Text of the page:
Decoding the E3 Petunia
You might know the E3 Easy Wave Petunia as “the early one,” the feature with the easiest hook. Earliness, however, isn’t the key part of this series. If your firm ships finished Petunias in volume, especially Easy Waves, you need to pull some in for trial production. When you lift the marketing hood on this series, you discover the engine underneath is a core color program streamlined well enough for high-volume production cycles. Hot damn. This is something the Wave brand hasn’t had before and it’s a sleeper.
E3 came to life as an early blooming Petunia but from there it went on to address other production issues like lower PGRs and a tighter bloom window. It ships a collection of (8) solid singles and a mix (three pinks, two blues, a white, a red, and a yellow). Colors aren’t replaced, but added, so you can buy either E3 White or Easy Wave White to grow. Both choices exist, except for the yellow.
Shipped by Great Lakes Greenhouses out of Kalamazoo MI on week 11 (March 13).
Notice the consistent crops in the background.
|E3 Easy Wave Pink||E3 Easy Wave Sky Blue||E3 Easy Wave White|
Easy Wave's Core Color Team
At first, the color selection is a head scratcher. Nothing fancy here. Usually Wave programs have a theme, but E3 has no funky patterns or unique habits; however, the individual colors do bloom together underneath a single regime. Wait a minute. This is different in an important way.
If you stand back and look at the larger brand family for a moment, you can see the issue. The Wave strength is diversity with lots of colors and styles and types built up over decades of additions and extensions. Some are vigorous, some are compact, some spread out, some sit upright. Each color does its own thing. As a result, Wave Petunias don’t have a central protocol to bind the brand family into a cohesive growing strategy. Every protocol is an exception and that’s the rule.
E3 zags on this philosophy by necessity. The tight coordination of color blooming was an offshoot of PanAm’s early spring efforts. To shove the ship date earlier into the calendar, E3s needed to thrive under less daylight—to become less sensitive to daylight length and quality. This change bunched the bloom times into a narrow window.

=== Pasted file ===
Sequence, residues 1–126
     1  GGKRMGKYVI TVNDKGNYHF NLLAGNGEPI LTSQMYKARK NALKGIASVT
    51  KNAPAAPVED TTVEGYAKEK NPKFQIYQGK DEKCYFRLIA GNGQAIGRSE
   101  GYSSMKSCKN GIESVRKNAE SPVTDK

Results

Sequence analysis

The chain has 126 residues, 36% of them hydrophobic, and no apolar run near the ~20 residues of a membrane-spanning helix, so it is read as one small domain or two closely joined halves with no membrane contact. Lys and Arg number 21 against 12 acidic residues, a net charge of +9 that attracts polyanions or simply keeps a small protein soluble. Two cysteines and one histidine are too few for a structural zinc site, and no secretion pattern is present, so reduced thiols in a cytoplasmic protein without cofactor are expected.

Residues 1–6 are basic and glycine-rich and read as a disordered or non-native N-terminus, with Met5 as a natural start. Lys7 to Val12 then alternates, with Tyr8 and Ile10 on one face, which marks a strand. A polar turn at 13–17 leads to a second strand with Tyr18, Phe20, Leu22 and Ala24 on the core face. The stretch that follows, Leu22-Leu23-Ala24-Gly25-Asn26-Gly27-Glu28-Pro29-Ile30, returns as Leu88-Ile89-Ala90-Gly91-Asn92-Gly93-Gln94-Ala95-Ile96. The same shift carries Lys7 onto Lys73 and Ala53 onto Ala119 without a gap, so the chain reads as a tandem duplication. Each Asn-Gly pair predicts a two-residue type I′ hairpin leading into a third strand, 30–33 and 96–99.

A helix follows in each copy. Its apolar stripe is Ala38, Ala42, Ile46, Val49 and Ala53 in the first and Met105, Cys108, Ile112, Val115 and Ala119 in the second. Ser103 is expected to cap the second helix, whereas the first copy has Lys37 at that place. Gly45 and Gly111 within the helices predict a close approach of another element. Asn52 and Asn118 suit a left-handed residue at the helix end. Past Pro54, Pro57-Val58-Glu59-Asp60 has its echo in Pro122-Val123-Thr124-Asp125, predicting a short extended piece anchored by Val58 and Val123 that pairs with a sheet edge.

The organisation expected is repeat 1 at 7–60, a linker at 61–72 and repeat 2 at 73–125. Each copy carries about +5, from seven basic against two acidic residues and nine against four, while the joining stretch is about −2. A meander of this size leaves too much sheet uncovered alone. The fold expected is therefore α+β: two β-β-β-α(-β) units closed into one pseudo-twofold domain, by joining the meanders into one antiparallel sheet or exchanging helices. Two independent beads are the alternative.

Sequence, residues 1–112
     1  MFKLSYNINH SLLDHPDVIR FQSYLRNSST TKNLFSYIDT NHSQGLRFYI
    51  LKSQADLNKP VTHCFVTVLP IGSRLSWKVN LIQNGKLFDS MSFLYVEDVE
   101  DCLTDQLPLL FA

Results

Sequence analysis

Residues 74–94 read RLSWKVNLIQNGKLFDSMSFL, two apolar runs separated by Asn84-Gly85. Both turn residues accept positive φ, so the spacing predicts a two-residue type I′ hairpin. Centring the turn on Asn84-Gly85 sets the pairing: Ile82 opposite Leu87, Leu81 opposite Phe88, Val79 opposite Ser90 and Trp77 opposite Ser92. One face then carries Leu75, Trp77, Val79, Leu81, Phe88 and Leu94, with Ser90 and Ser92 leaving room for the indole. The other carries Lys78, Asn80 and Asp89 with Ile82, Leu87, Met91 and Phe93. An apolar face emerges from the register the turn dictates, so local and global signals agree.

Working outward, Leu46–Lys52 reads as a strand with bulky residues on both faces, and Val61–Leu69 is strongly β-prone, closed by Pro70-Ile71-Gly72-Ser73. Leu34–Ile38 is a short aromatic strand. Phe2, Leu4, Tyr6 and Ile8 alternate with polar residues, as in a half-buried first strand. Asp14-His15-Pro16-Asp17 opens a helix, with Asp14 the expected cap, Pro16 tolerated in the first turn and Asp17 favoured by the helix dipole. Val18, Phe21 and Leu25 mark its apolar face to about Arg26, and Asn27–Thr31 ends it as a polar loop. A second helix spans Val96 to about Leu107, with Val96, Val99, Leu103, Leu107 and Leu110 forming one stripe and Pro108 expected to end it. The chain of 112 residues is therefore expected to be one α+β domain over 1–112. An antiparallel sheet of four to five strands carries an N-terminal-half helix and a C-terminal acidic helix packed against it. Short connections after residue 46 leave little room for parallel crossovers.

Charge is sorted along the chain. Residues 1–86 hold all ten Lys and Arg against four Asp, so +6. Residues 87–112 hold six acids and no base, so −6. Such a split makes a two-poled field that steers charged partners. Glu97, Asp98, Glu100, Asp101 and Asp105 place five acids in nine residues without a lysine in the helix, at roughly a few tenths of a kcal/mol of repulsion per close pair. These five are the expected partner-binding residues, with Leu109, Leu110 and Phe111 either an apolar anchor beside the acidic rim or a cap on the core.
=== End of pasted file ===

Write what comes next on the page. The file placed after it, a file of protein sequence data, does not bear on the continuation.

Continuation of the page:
If you have grown Easy Wave Yellows, you've grown E3s. It moves to the new series.
Using Less PGRs
E3’s true strength appears as the crop grows out over the full season. It takes a lot of PGRs to produce a high quality Wave product, so any reduction generates real savings. Inputs for E3 and Easy Wave cost the same, so direct savings come from reduced chemistry and payroll.
As a rule, E3 takes about half the PGRs of the equivalent Easy Wave colors. Dark blue is the exception—blues among Petunias always tend to be more vigorous. While other colors take an initial half-load, dark blue needs closer to two-thirds to start. Afterward you can follow through with half-loads.
Indirect savings come from better yields. Chemistry tries to push and shove a plant into position, but it also introduces more variations within a crop. If E3 genetics does more of the heavy lifting, then a crop needs less chemistry to achieve more consistency.
Pink Cosmos is the most "different" of the E3s with a throat that darkens slightly.
Better Management of Early Season Risks
E3’s earlier bloom window is a key factor when it comes to managing the unknowns of early spring. Some colors attained a modest half-hour improvement but others, like the pink, shrank from 11 to 9.5 hours. As a rule, an E3 crop opens about a week earlier than its Easy Wave equivalent at the beginning of a season.
If you work with contract ship dates in early spring, you will benefit from E3’s ability to buffer risks. A non-E3 color could hit an early ship date just by backing off the sow date, but its greater sensitivity to daylight makes it vulnerable to disruptions like a string of cloudy days. E3 buffers that risk because it’s less likely to stall out, waiting for better times. Southeastern growers with early spring Petunia crops should take notice, but even Northern growers benefit from this daylight performance buffer.
Dark Blue is the most vigorous. It needs about 2/3rds PGR before going to half rate.
Does It Pan Out?
For a series in the wild, E3 is young at 18 months of seed availability. Liners are generally available, but the first full-volume runs just shipped this year in mid-March. They are out there, but they are still rare. Early feedback is good, lining up with results seen in trial productions: tight bloom window, less PGRs, quality finish. Confirm, confirm, confirm. The regime is much easier to manage with less moving parts. Already, some growers plan to increase their commitment from early season to full season production based on their results.
Some rough spots do exist: the white blooms a touch early and the dark blue lags a little behind, so we are talking about a 7-10 day bloom window. The dark blue needs more attention. I haven’t heard anything about summer performance yet. For their part, PanAm states a long-term commitment to the E3 strategy, so we can expect improvements and updates as the years roll by.
E3 Easy Wave Coral is the only salmon-style color.
Every facility is different. It will take three years or so for E3’s potential to fully unfold. Buyers have to figure out its place in the purchase order pecking order. My advice is to pull in some E3s and see how they trial for you. Treat them as Easy Wave’s spin on a core color program and see if you can pick up those cost savings. If you can ship some earlier crops as well, then it’s a bonus.
The single E3 Mix sells all the colors.